The up-regulated transcription of protease inhibitors (trypsin inhibitor and subtilisin-chymotrypsin inhibitor) during high temperature stress was observed. These genes have been reported as inducible by stresses such as high aluminium, fungal infection, and wounding (Cordero et al. 1994). WSCI wheat subtilisin/chymotrypsin inhibitor seems to play a role of natural defense against attacks from pests and pathogens, making it possible to plan specific amino acid substitutions (i.e., by site-directed mutagenesis) to alter the protein function as required (Tedeschi et al. 2012). Sterols, such as C-4 methylsterol oxidase, are crucial components of eukaryotic membranes, and control membrane fluidity and permeability. They play an important role in cell signaling, polarity, and sorting. Since many steps in the pathway are essential, sterol biosynthesis inhibitors are widely used as antifungal agents (Madoui et al. 2009). Therefore, elevated transcription levels during high temperature stress periods and a decrease to normal level during recovery periods indicates selective proteases that might be associated with defense mechanisms (Fig. 4). The selective DEG group that gave the highest expression at the end of five days of heat stress thought to be responsible for defense mechanisms in response to high temperature stress. Therefore, those candidate transcripts that include antioxidants, inhibitors, and PR proteins are also responsible for defense mechanisms under heat stress during the early stage of the grain filling period.

Plants have evolved both enzymatic and non-enzymatic anti-oxidant response systems against ROS injury (Vranova et al. 2002). Under heat stress, the expression of heat-shock transcription factor and activity of APX were studied because of their relationship (Panchuk et al. 2005). Transcripts of heat shock protein protected against heat stress involves changes in cell membrane stability and antioxidant enzymes (Sampath Kumar et al. 2012). Elucidating the response mechanism of wheat to high temperatures would help the development of wheat cultivars that perform better under high temperature stress. However, there is a limited amount of information about the effects of high temperature on wheat. As parameters, antioxidant enzyme activities in wheat should be good indicators for either plant’s tolerance or susceptibility to heat. These results indicated that the activities of enzymes responsible for the elimination of oxidants were significantly affected by exposure to heat stress (Fig. 6).

Since plants are continuously challenged by a variety of biotic and abiotic stresses, they have evolved stress tolerance strategies to minimize damages (Lee and Luan 2012). The BSP family plays important roles in plant stress tolerance. Further phylogenetic analyses based on the protein sequences of BSP families in Poaceae classified BSP genes into six classes (Fig. 8). While 69 sequences of Poaceae were retained in the Chlorophyta genome, a larger amount of BSP proteins were identified in land plant species. In general, whole genome duplications and segmental duplications are the major force for the expansion of genes. Further motif analyses showed high similarities between each protein in T. aestivum, suggesting a recent genome duplication event resulting in the expansion of the BSP family (Fig. 7).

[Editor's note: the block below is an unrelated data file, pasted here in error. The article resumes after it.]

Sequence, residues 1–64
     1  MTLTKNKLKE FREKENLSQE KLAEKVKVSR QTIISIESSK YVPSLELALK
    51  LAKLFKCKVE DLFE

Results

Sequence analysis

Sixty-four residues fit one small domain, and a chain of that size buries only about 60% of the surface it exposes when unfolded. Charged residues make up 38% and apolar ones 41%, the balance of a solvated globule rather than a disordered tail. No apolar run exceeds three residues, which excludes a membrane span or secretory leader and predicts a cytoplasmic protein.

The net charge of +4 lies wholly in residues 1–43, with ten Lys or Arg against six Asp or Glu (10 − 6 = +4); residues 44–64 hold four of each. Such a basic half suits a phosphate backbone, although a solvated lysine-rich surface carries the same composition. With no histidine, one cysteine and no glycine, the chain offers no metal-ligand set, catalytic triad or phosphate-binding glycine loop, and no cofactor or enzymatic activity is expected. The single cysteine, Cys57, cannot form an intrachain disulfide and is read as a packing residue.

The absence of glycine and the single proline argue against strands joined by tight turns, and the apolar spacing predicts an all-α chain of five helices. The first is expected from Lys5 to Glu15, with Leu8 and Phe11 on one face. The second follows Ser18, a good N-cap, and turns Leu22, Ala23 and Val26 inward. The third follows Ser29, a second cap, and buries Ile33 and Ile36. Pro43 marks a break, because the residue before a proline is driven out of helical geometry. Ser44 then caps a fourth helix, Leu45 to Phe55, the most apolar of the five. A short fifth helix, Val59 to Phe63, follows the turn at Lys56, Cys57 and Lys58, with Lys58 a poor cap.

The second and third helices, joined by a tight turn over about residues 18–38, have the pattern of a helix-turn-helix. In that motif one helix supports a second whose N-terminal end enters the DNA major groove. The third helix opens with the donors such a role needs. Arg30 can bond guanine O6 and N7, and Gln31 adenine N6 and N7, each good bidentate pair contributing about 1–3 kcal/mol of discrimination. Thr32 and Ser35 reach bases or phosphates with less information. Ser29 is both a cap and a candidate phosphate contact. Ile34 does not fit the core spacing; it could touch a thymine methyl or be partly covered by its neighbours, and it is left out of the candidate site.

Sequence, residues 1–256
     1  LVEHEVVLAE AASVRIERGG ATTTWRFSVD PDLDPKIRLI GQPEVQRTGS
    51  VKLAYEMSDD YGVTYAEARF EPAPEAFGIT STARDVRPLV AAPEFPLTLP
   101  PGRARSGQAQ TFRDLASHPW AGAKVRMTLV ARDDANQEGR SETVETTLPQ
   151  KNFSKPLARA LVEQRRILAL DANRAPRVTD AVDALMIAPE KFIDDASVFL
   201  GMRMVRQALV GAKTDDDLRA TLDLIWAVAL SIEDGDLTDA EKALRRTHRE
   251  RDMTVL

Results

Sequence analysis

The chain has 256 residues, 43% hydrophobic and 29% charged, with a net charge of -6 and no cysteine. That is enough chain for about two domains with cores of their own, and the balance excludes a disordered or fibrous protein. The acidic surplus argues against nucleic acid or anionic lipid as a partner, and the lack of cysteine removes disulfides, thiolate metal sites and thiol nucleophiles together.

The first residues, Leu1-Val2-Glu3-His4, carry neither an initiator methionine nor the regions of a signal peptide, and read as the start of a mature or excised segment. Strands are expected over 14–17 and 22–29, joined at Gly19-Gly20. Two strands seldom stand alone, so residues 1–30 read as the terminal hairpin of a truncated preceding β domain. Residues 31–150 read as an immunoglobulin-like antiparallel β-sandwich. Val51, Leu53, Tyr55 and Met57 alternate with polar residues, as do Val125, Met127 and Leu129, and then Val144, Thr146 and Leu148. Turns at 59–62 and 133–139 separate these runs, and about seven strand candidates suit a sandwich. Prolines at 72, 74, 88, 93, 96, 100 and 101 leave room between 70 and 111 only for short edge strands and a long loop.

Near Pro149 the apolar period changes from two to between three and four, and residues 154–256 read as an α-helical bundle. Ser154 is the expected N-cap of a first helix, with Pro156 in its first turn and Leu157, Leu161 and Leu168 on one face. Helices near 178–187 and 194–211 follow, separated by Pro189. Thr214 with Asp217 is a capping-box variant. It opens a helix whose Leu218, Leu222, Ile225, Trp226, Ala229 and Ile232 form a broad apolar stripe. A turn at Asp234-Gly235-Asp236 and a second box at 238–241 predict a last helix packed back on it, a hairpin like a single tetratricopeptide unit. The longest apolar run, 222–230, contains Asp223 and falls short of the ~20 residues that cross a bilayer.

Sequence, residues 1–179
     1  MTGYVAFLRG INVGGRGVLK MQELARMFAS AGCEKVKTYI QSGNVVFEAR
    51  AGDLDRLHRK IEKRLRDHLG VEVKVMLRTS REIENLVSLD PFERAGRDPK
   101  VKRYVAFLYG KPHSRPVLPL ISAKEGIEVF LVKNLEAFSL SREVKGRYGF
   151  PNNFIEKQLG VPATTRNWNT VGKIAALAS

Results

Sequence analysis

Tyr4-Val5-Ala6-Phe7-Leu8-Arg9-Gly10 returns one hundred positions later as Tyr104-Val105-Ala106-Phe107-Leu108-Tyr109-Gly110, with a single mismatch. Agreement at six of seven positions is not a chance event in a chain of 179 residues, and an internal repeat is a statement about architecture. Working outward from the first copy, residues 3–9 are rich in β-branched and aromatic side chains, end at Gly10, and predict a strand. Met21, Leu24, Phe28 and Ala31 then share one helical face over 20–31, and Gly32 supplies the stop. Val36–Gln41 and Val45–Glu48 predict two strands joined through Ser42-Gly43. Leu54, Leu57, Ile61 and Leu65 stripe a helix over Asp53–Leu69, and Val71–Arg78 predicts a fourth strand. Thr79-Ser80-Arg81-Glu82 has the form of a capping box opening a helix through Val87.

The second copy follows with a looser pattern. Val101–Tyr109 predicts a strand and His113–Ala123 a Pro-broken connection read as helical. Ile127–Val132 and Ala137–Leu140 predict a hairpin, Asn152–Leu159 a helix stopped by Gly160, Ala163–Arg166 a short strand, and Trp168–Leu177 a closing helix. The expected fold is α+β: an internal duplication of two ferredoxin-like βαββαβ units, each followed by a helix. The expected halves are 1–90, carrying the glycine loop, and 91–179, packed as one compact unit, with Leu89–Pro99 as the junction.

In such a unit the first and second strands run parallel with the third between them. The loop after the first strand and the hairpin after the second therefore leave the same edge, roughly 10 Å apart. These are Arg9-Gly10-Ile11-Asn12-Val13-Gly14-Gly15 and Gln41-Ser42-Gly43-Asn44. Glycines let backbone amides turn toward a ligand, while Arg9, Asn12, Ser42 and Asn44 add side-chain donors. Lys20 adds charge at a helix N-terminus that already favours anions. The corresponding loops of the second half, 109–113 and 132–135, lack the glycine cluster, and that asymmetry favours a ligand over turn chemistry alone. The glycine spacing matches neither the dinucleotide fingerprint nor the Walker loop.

Recently, more and more reports have revealed that BSP family proteins play important roles in various stress response processes, as well being involved in plant developmental processes. However, each member of the BSP family was regulated in a specific tissue and during a specific period. Although they have similar sequence relationships, this does not indicate that they all have the same role. In previous studies, mature grain-specific genes (958.5 FPKM, 233.4 FPKM) that showed sequence homology only in the WAS-2 family from BSP genes were reported (Choulet et al. 2014). They are also endosperm specific (Pearce et al. 2015), and are not expressed in drought- and heat-stressed seedlings (Liu et al. 2015). In the present study, the results of the transcriptome analysis showed that the expression of WAS-2 family genes (WAS-2, WAS-2-1BL, WAS-2-1DL) are dehulled spikelet (presumably endosperm) specific in response to high temperature stress. Other BSP family genes, except for WAS-2 family genes, were not expressed during heat stress (Fig. 9). Therefore, the WAS-2 family genes might have a crucial role as a protective mechanism during the early stage (8–12 days from anthesis) of the grain filling period under high temperatures in the spikelet, and could be one of the main reasons why seeds are produced under adverse conditions.